14. Oh Geoff how you let your passion and nostalgia for rail cloud your understanding. Rail freight, like road freight, is subsidised too. And while it is indeed preferable to road freight where possible, that can never be at any cost. The fact remains that all transport is quite literally a means to an end, and that end is the continuing success of society in the boardest terms. To that end the maximum utilisation of our transport networks is a key efficiency, so whether the foamers are happy or not the shared use of our little rail network by both freight and passenger trains is vital. And this means as efficiently as possible. It appears KR do yield the Eastern line to AT at the peaks, while still running a few freighters to Metroport (Westfield) using, or soon to use, the nearly complete 3rd main.

            I still maintain we need 4 tracks to Westfield and 3 to the port, to increase the frequencies of both systems. And, of course, smart cooperation between the two users.

          15. Patrick, if I were into making such personal remarks I could say that your passion for Auckland’s passenger rail transport is blinding you to the potential wider effects on freight. There’s no hard evidence yet either way about whether use of the third main by passenger expresses wold actually be worth doing, particularly considering the resulting loss in contra-peak capacity, and (unmentioned so far, I think) how the third main would need to be modified at the complex tangle at its northern end to be accessible by passenger trains as well as freights, or equipping the third main with ETCS and overhead.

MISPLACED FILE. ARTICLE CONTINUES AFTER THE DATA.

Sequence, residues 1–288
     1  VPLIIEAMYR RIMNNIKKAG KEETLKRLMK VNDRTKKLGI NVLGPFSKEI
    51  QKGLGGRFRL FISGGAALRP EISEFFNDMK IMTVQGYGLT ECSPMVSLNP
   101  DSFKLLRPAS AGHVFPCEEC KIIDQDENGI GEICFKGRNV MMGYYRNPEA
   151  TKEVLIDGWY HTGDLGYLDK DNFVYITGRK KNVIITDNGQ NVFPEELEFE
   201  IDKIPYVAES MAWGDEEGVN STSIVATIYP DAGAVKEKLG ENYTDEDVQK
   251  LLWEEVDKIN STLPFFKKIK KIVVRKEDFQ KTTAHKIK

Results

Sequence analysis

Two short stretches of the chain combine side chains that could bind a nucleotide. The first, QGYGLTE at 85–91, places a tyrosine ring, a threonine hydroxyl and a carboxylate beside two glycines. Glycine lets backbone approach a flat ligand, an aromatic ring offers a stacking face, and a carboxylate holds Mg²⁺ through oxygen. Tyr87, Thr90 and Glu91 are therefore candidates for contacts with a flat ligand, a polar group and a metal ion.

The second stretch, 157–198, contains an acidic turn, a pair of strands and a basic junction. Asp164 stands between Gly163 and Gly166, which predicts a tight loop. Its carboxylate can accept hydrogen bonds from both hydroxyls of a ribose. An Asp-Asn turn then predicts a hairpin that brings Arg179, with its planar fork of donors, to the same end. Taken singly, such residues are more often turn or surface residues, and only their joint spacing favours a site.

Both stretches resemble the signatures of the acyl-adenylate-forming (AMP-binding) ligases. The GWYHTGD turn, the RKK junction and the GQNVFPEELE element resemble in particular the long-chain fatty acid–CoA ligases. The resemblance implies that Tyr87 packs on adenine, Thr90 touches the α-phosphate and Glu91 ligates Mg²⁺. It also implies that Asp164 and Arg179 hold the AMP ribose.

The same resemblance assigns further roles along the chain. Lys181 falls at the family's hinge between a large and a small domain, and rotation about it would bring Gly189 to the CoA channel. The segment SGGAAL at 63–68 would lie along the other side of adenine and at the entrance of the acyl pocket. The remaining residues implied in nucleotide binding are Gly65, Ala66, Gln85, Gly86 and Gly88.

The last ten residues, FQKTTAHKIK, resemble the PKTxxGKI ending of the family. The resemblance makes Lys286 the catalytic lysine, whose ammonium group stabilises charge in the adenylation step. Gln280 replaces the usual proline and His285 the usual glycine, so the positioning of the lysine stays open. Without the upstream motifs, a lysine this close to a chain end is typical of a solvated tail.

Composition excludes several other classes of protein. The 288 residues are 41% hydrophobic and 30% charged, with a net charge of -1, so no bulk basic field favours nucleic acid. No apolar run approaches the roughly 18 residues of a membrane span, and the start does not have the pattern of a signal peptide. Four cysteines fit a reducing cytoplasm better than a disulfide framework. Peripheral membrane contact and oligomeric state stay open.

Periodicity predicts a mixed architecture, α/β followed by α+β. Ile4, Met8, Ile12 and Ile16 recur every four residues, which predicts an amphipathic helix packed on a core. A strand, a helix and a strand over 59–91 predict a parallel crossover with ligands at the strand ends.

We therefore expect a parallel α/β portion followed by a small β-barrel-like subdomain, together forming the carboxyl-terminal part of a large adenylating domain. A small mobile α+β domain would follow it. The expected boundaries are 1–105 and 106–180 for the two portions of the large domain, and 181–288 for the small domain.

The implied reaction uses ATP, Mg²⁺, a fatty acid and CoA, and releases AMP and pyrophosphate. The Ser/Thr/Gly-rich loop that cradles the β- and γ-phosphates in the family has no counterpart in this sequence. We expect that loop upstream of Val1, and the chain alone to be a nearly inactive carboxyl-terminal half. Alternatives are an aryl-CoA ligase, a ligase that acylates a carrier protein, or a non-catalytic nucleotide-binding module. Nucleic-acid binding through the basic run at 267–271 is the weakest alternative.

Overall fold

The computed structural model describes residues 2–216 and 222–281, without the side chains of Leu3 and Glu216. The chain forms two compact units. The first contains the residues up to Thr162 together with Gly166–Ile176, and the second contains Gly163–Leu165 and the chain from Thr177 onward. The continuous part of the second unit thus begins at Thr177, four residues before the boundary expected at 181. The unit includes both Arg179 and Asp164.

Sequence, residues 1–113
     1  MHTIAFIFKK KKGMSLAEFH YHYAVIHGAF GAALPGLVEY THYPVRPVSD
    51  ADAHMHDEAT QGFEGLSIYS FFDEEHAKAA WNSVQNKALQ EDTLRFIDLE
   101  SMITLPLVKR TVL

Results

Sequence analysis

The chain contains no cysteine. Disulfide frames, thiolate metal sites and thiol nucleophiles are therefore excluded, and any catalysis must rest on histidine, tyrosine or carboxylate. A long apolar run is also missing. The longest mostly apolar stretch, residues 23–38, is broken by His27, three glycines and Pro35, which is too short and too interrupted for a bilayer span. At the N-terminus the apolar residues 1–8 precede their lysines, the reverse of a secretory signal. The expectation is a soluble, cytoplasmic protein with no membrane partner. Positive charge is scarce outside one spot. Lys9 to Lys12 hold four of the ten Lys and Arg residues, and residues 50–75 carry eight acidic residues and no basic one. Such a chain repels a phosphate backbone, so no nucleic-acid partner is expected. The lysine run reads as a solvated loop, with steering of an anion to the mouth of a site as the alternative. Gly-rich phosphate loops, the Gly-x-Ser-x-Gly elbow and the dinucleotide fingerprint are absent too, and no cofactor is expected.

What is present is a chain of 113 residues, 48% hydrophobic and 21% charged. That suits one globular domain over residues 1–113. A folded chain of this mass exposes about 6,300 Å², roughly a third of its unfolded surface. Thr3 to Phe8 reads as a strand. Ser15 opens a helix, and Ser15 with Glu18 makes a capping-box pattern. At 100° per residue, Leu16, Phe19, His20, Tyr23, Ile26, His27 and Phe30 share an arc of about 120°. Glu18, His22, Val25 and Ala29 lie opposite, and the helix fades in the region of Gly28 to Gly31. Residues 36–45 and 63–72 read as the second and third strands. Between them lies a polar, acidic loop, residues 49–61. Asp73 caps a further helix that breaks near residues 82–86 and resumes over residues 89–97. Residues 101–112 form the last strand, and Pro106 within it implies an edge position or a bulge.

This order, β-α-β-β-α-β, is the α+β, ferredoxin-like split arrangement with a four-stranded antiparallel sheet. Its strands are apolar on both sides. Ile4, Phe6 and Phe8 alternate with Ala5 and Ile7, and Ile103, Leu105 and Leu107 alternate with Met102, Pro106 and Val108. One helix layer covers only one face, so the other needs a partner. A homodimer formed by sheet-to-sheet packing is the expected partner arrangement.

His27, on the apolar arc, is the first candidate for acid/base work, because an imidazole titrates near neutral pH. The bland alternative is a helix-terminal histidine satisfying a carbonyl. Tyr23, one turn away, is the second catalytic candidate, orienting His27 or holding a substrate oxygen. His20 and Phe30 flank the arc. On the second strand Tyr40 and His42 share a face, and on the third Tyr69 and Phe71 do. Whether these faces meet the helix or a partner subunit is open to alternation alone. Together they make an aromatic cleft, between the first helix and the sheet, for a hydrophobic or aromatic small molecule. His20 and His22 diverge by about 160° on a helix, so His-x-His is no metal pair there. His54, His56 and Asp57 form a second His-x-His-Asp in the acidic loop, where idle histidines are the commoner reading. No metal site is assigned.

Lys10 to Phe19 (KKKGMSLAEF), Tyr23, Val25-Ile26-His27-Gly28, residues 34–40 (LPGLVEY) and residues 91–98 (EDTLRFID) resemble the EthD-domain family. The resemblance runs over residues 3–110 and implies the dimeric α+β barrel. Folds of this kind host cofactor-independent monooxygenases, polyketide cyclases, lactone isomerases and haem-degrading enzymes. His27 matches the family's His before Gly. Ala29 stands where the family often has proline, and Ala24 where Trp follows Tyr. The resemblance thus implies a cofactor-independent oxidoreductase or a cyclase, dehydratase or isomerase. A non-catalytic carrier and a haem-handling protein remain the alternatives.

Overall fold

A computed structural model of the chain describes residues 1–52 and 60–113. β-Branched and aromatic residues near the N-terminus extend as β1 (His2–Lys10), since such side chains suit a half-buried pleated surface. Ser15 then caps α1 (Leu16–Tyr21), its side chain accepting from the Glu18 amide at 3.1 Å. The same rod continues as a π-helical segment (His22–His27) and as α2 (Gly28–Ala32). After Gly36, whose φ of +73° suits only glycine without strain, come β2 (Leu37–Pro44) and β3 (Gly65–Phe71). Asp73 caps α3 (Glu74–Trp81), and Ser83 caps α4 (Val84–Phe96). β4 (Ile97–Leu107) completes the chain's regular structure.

Freight and passenger trains have been sharing infrastructure for over 100 years, as have cars, bikes and buses. Many cities, including Auckland, have decided that separation at key locations in both of these cases is desirable. If for the sake of efficiency (whatever that means in this context) you want to turn the clock back with respect to train separation, doesn’t the same apply to bike- and bus-specific use of transport infrastructure?

            And did you really mean to say “it is indeed preferable to road freight wherever possible”, or is Freud alive and well and living in Auckland?

          16. The debate is stupid because we all believe in quad tracking which is chump change anyway.

            I believe we can work it with just the third if we have to with a little positive innovative thinking.

            I’m going to end my role in this thread section because you just seem to be overally negative not being very contructive. Easy to attack a point harder to actually like Patrick does for example add and come up with ideas of your own.

            Also loved the line about personal remarks then you made one about Patrick. It’s a bit like going no offence you are a C**t but I said no offence so it’s ok lol

          17. “Oh Geoff how you let your passion and nostalgia for rail cloud your understanding”